: a soft, heavy, metallic element with atomic number 82 found mostly in combination and used especially in alloys, batteries, and shields against sound, vibration, or radiation see Chemical Elements Table
2
a
: a plummet for sounding at sea
b
leads plural, British : a usually flat lead roof
c
leads plural : lead framing for panes in windows
d
: a thin strip of metal used to separate lines of type in printing
3
a
: a thin stick of marking substance (such as graphite) in or for a pencil
4
5

lead

5 of 5

verb (2)

leaded; leading; leads

transitive verb

1
: to cover, line, or weight with lead (see lead entry 4)
2
: to fix (window glass) in position with leads
3
: to put space between the lines of (typeset matter)
4
: to treat or mix with lead or a lead compound
leaded gasoline
Phrases
lead one down the garden path or less commonly lead one up the garden path
: hoodwink, deceive
I'd rather he be disappointed with the truth rather than lead him down the garden path Harold Robbins

Did you know?

When to Use Lead or Led

There is some persistent confusion about lead and led. Or, we should say, there is confusion about the leads and led. Lead is both a noun and a verb, as most people know. There are several unrelated nouns spelled lead: one most commonly refers to a metal (as in, "The paint was made with lead"), and the other most commonly refers to a position of advantage (as in, "Our team was in the lead"). The verb lead is pronounced /LEED/, with a long e; the noun that refers to a position or advantage is also pronounced /LEED/, with a long e; the noun that refers to the metal, however, is pronounced /LED/, with a short e. To this moderately convoluted situation, add the past tense and past participle of the verb lead, which is led and pronounced like the metal noun lead with a short e. The homophonic confusion leads to homographic confusion, and you will therefore occasionally see lead in constructions where led is called for (as in, “She lead the ducklings to safety” instead of “She led the ducklings to safety”). The correct past and past participle of lead is spelled led. If you aren’t sure whether to use led or lead as the verb in your sentence, try reading it aloud to yourself. If the verb is pronounced /LED/, use led.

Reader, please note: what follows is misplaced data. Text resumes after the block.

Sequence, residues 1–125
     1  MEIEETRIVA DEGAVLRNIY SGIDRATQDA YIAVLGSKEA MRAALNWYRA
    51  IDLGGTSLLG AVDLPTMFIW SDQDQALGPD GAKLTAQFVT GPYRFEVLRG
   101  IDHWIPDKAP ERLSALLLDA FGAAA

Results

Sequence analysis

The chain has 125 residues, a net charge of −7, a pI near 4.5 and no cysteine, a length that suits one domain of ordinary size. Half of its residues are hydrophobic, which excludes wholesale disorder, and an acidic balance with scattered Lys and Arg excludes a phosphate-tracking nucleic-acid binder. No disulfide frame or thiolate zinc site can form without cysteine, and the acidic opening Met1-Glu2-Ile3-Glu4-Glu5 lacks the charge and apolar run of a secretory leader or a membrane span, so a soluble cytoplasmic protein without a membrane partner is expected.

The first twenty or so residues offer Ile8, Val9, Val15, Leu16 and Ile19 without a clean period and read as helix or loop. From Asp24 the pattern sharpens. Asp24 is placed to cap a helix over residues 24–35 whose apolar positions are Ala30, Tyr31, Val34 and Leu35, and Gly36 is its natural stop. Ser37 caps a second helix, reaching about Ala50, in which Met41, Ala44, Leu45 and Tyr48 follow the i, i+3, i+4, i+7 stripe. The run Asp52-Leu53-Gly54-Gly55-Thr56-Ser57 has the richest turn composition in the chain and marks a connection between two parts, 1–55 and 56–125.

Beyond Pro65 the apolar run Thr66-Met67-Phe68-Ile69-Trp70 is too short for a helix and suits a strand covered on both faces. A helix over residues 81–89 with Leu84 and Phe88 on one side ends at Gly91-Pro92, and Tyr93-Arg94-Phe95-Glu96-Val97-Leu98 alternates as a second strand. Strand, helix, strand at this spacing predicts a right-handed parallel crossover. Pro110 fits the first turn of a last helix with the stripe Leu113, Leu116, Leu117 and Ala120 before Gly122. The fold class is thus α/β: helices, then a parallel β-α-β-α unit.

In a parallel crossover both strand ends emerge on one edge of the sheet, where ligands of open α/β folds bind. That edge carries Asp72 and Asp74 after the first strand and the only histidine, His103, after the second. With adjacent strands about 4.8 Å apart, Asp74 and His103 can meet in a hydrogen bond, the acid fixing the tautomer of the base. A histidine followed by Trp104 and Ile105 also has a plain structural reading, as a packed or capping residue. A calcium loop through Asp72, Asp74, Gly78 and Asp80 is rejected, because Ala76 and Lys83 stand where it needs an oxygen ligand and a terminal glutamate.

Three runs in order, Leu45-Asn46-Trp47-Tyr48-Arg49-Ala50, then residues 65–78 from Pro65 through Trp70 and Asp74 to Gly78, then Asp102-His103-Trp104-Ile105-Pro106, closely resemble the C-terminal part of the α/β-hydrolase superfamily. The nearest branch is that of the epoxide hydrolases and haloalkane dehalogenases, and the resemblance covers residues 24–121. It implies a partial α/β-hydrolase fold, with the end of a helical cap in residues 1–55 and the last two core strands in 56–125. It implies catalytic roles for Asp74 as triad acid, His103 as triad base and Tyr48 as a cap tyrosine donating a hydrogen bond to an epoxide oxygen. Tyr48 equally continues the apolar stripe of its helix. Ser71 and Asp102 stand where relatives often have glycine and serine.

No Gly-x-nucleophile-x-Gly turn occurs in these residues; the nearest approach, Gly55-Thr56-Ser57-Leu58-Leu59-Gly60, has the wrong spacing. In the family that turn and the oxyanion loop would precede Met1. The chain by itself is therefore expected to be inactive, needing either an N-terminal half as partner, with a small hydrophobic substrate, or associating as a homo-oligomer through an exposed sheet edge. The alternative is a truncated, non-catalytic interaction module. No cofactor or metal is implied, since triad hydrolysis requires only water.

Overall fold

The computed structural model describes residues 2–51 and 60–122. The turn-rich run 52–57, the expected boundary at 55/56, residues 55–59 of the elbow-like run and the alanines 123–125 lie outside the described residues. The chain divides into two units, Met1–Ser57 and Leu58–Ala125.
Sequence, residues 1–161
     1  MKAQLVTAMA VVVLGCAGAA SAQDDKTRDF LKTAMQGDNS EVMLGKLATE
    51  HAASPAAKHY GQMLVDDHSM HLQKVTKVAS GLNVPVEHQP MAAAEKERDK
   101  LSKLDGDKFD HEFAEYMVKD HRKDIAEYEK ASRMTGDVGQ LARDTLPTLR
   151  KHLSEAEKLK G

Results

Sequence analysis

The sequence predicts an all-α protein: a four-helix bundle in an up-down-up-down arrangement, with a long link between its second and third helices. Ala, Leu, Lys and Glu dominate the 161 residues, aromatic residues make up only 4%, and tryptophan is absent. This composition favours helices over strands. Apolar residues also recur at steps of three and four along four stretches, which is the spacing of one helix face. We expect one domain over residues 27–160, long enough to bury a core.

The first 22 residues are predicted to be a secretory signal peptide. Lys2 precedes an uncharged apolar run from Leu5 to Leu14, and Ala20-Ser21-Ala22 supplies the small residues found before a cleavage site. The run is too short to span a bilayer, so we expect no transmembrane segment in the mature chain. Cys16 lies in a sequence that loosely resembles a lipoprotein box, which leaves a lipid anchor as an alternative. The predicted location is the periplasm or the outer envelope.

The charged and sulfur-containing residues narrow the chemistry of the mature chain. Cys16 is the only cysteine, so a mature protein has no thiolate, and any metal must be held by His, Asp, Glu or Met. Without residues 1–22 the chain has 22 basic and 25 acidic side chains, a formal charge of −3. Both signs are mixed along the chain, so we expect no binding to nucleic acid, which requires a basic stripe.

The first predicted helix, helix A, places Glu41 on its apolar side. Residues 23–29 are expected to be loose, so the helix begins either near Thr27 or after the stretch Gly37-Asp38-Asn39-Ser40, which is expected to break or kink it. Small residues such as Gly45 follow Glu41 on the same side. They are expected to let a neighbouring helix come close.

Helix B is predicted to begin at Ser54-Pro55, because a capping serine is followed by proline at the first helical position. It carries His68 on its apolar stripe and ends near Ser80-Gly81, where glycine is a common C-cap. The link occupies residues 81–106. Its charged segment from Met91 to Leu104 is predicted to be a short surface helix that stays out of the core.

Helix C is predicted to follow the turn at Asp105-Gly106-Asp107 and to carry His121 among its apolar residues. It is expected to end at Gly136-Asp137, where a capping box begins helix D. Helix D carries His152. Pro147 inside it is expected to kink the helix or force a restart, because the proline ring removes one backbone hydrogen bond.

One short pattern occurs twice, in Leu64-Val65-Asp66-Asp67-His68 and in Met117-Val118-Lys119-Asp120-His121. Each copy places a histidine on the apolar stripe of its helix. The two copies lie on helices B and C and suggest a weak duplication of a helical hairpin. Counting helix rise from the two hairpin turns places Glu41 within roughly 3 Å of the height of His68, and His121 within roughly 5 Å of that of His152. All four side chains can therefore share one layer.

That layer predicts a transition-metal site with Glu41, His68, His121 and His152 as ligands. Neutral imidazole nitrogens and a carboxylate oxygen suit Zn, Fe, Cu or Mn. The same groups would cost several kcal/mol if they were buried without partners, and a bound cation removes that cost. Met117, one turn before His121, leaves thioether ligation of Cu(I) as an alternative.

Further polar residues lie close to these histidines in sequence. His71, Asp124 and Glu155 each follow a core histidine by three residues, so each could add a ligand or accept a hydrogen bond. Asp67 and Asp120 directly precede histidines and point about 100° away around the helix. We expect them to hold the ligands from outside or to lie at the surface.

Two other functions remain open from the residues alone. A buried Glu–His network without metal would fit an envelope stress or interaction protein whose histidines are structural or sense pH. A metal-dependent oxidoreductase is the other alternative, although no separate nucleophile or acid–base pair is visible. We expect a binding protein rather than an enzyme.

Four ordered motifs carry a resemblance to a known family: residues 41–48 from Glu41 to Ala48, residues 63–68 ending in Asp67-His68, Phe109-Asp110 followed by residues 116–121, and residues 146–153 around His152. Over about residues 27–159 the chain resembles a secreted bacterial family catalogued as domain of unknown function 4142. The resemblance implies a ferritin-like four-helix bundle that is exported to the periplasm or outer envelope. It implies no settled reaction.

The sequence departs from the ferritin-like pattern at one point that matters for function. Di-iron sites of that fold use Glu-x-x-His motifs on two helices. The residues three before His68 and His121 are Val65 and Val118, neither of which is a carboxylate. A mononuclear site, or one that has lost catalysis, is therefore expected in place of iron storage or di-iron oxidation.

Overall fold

Choose the Right Synonym for lead

guide, lead, steer, pilot, engineer mean to direct in a course or show the way to be followed.

guide implies intimate knowledge of the way and of all its difficulties and dangers.

guided the scouts through the cave

lead implies showing the way and often keeping those that follow under control and in order.

led his team to victory

steer implies an ability to keep to a course and stresses the capacity of maneuvering correctly.

steered the ship through a narrow channel

pilot suggests guidance over a dangerous or complicated course.

piloted the bill through the Senate

engineer implies finding ways to avoid or overcome difficulties in achieving an end or carrying out a plan.

engineered his son's election to the governorship

Example Sentences

Adjective the lead diplomat is responsible for making policy for the entire embassy

Word History

Etymology

Verb (1), Noun (1), and Adjective